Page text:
Investing In Real Estate: What You Should Know

The decision to make a real estate investment is a good one. To have success in this area, one needs to do their homework. You must do adequate research and gain all the information you can before investing. There are some great tips below to help you get started. Location is critical in terms of […]

6 Reasons to Buy a New House Before You Sell

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Caucasian couple admiring new home
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It’s not uncommon for sellers to search for a new home while simultaneously hosting open houses to encourage buyers to make an offer on their current home. But while common, being both a buyer and a seller is difficult enough, and even more so when you’re trying to time a sale with the purchase of a new home. If your current home sells quickly, you might feel rushed into your next home purchase if you want to avoid a move into short-term housing while you continue your search.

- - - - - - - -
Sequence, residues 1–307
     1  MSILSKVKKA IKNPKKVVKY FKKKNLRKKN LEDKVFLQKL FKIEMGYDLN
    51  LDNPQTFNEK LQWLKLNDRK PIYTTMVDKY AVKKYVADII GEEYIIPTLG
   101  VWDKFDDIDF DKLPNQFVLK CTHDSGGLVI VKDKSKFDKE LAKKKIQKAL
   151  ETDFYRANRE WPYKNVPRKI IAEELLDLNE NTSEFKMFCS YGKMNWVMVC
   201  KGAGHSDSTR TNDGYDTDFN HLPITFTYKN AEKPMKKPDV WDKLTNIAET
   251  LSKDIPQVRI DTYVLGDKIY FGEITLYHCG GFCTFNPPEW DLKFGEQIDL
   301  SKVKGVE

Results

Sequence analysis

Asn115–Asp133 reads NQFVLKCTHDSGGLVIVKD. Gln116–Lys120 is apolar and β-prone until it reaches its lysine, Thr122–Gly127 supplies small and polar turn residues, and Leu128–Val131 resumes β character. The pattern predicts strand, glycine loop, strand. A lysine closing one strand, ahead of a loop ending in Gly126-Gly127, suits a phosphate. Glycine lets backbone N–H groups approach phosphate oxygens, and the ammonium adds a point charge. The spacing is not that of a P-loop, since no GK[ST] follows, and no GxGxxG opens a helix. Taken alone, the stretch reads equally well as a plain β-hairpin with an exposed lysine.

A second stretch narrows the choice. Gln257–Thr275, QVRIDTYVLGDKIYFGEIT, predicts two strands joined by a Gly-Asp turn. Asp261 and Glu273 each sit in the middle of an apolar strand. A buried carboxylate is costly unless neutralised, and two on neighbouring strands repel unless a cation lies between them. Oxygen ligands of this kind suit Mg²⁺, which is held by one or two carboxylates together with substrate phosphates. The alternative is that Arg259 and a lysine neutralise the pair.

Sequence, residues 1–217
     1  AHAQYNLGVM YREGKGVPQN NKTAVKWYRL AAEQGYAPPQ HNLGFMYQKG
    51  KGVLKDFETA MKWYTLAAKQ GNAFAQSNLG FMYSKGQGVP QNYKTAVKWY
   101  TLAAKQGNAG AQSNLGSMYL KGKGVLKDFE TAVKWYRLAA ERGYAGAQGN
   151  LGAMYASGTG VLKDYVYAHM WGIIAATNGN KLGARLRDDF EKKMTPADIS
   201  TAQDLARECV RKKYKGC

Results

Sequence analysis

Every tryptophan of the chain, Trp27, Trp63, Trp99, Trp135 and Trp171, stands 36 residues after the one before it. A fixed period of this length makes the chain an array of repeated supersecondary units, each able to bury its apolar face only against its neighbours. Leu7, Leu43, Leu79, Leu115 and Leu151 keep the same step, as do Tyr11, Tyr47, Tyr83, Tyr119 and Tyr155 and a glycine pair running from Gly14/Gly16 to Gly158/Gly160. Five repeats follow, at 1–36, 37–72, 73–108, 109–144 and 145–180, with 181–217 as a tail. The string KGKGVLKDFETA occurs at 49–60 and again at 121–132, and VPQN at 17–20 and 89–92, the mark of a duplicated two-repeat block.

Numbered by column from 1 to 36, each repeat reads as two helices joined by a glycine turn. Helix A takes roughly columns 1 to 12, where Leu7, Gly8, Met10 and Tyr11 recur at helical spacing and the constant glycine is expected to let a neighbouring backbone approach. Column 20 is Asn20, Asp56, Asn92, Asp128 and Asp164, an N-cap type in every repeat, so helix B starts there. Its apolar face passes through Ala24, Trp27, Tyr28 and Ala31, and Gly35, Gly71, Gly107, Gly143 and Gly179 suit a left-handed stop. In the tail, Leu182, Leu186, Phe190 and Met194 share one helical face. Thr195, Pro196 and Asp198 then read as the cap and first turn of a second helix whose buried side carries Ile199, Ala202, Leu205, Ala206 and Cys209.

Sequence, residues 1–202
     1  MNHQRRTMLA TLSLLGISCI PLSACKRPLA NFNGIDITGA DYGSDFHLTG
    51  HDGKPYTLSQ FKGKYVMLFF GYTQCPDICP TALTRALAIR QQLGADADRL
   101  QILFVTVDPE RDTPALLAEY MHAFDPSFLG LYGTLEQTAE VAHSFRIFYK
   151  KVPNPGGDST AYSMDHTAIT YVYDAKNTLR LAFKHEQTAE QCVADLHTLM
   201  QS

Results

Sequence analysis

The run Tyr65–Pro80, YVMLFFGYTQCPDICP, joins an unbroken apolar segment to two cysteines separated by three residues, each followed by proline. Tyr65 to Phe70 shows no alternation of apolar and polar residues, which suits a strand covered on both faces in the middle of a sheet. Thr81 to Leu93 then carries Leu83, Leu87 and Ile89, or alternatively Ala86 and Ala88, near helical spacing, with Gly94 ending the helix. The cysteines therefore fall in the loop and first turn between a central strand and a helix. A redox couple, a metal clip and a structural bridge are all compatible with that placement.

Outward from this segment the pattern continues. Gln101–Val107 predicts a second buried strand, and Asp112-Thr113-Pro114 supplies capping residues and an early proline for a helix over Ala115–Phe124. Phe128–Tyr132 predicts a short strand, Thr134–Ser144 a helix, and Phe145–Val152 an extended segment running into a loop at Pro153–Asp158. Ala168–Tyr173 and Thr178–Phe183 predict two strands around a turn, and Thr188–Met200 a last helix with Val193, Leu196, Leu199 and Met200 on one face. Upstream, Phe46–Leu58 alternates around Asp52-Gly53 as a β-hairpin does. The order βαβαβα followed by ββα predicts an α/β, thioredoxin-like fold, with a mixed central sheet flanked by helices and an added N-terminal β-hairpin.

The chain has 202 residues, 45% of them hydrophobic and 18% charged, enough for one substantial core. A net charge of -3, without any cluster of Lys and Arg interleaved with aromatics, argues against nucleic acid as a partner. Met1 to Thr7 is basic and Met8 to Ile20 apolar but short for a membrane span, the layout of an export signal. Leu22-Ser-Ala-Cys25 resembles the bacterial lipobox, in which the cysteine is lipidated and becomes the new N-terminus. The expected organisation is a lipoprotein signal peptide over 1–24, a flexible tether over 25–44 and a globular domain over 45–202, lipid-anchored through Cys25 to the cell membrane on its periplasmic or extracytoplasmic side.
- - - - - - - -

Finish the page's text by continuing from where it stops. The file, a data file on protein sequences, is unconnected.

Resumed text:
While the prospect of paying two mortgages for your current home for sale in San Diego, CA, and a new property across the country may send shivers up your spine, there are some definite advantages to buying a house before selling your current home. Plus, if you take advantage of the protections in place for sellers who are also looking for a new home, there is little risk in purchasing a new home before your current home sale is complete.

Here are some considerations to help determine when to buy a house before selling your current one.

  1. You enjoy knowing what’s ahead of you. If you’re the type of person who feels nervous leaping into the unknown, you may find you’re more emotionally equipped to part with your current home when you know you’ve got your next place lined up.
  2. You have time to hold out for what you want. You won’t feel rushed into settling for a home that’s less than perfect just so you have somewhere to live (or because your friends are getting sick of your crashing in their guest room). You’ll be able to wait for the perfect house, whether it’s in the perfect neighborhood, has a perfect layout, or is the perfect price (or all three!).